Sunday, January 11, 2009

The notion of simulacra

The highly-mediated society in which we live finds us constantly surrounded by signs, usually in the form of images which “represent” reality. Baudrillard argues in his essay “The Precession of the Simulacra” that in actuality, this representation of reality is a replacement of reality, for in the process of creating the image reality is completely destroyed, compromised, and in this process the image becomes a simulation, a poor excuse for a substitute of reality. Baudrillard uses some concepts that are similar to Benjamin’s ideas about aura and art in the age of mechanical reproduction, although the similarities end there; Baudrillard is mostly speaking about historiographies whereas Benjamin is speaking about paintings, photographs and film.

Let us think about something on a simplistic scale: say, a painting hanging on a wall of flowers in a vase. This image is created with a paintbrush by the hand of a painter, and was most likely a still life based on an actual vase of flowers that at one point in time existed in reality. This image is therefore a reflection of reality since it was based on something similar in the tangible world. At the same time, however, this image also masks or covers up reality, which Baudrillard states “is of the order of maleficence” designed with nothing but trickery in mind (457). Realized and constructed with atoms and particles of paint instead of atoms and particles of flower petals and ceramic pottery, this painted image can therefore be said to be playing with the idea of appearance, masking “the absence of a profound reality” (456); in this phase of the precession of simulacra, the idea of reality has almost completely been forgotten, is suggesting and playing with the idea of appearance, until Baudrillard’s fourth step in the precession becomes realized and ultimately, the image of the flowers has no relation to reality for it is now an iconic image, “it is [now] its own pure simulacrum” (456).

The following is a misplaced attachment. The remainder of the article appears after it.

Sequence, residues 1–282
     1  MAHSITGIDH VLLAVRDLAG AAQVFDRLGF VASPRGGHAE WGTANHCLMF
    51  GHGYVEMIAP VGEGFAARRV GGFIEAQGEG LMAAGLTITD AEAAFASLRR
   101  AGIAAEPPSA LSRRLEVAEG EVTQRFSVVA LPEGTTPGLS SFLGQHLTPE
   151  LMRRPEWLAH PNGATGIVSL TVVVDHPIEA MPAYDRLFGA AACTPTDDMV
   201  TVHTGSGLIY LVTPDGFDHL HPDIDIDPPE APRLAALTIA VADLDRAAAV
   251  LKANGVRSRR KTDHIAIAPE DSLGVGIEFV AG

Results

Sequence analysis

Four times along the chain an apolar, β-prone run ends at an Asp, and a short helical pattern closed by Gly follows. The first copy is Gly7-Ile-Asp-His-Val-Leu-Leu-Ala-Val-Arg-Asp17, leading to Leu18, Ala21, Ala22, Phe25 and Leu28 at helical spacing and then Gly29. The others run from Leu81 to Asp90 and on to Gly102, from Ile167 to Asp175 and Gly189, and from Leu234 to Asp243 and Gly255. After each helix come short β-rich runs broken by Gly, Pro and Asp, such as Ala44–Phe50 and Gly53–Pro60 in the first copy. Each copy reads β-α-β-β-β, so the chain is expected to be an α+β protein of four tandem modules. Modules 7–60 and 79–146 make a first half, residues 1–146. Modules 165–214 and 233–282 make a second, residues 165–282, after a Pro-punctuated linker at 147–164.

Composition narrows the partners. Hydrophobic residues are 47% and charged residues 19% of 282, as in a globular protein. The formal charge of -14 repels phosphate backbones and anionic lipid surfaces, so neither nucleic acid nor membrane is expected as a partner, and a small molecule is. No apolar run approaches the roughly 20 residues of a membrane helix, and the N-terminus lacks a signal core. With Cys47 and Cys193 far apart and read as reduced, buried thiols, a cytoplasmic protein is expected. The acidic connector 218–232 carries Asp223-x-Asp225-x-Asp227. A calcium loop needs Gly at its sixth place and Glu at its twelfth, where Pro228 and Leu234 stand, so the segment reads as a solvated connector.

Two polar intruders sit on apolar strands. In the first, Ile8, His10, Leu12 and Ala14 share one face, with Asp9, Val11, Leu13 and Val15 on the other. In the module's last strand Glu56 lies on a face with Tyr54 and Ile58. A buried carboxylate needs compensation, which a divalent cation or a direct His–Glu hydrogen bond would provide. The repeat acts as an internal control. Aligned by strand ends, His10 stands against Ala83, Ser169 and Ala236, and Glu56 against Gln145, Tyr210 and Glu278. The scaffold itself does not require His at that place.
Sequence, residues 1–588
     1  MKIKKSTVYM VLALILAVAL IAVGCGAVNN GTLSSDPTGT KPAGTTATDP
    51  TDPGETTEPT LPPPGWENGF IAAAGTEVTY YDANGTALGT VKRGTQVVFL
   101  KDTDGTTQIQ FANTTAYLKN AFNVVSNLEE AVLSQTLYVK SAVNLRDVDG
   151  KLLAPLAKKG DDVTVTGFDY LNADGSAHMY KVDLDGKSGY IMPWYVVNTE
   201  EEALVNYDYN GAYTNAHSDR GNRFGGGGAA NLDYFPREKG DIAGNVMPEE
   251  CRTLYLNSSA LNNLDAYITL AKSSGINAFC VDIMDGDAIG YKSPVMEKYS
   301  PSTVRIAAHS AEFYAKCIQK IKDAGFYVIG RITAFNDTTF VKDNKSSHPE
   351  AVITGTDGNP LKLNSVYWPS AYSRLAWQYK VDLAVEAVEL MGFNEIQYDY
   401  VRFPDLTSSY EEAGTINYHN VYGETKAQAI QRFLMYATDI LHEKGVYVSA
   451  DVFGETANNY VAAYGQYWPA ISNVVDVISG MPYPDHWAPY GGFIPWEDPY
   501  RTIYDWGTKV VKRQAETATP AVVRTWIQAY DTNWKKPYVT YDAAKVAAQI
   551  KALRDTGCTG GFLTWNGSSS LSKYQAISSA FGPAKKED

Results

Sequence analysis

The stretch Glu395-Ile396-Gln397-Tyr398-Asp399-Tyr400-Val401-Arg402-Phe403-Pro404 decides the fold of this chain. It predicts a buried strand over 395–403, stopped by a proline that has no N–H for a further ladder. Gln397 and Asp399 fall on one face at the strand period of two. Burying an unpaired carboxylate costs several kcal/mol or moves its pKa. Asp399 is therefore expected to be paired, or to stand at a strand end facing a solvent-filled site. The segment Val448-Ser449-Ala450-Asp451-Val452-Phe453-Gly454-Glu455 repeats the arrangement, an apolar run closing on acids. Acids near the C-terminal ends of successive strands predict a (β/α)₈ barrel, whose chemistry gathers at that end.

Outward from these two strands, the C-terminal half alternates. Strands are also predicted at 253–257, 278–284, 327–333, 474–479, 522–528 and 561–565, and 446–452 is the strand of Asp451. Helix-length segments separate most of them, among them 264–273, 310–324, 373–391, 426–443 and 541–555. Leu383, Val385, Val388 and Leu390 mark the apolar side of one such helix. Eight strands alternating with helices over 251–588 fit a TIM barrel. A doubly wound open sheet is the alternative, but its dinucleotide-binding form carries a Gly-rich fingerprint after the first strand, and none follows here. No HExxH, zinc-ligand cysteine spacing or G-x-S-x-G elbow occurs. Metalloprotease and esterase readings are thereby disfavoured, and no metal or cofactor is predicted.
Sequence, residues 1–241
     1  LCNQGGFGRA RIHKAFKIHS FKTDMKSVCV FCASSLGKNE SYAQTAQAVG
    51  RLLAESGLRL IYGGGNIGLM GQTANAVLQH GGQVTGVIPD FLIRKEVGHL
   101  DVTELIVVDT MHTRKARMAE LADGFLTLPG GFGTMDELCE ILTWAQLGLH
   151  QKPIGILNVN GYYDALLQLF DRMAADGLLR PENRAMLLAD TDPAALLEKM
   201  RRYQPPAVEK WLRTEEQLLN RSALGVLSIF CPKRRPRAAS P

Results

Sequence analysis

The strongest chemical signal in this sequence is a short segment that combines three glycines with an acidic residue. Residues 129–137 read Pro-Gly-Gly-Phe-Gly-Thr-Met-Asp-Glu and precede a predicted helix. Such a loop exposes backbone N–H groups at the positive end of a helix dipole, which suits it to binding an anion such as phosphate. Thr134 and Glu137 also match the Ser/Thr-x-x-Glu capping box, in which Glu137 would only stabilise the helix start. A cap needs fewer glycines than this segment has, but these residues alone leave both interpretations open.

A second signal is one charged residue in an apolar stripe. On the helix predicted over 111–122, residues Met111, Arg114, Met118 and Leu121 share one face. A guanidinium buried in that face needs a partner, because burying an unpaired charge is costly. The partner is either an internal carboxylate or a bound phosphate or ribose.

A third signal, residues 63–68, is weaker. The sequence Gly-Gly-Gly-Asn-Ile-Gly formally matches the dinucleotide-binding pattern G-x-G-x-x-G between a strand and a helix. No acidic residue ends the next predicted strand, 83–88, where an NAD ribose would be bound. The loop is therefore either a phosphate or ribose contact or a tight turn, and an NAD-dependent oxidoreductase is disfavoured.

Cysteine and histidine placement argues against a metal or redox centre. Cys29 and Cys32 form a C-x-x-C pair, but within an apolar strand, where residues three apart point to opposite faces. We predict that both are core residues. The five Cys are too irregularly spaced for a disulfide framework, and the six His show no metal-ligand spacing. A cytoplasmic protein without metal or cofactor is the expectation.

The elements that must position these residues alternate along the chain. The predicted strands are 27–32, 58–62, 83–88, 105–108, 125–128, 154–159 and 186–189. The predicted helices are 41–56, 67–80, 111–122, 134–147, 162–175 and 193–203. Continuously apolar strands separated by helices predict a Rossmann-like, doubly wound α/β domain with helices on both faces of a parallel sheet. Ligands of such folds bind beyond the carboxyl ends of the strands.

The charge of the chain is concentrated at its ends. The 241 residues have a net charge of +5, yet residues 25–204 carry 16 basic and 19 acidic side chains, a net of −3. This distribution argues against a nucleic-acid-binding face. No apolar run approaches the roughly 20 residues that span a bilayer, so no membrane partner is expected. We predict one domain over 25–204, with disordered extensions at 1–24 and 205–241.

Baudrillard essentially states that the reparation of an historical artifact is merely a restoration of its "visible order"; we cannot, however, restore original mythical intent because it has transferred over into the realm of the unreal, of the simulacrum (459). This concept of visible order and this original intent is quite similar to Benjamin's idea of the aura, which he believes is destroyed in a work of art by its reproduction. One can never replicate the feeling that is created by an original work of art; it is for this reason Baudrillard states "Ramses does not signify anything for us" and he never will, for no one who is alive today ever knew him, nor can anyone ever comprehend his significance fully (459). Only through a recreation, a simulation, of written and oral history can we ever attempt to know the significance or the meaning of a mummy, and for that matter a static, almost mummified work of art. In this case, the simulation of a nostalgia for a past that we as modern day persons can never understand (for even through written or oral history we who never experienced Ramses, never knew Ramses, can never understand his meaning or significance in life) is fairly apparent.

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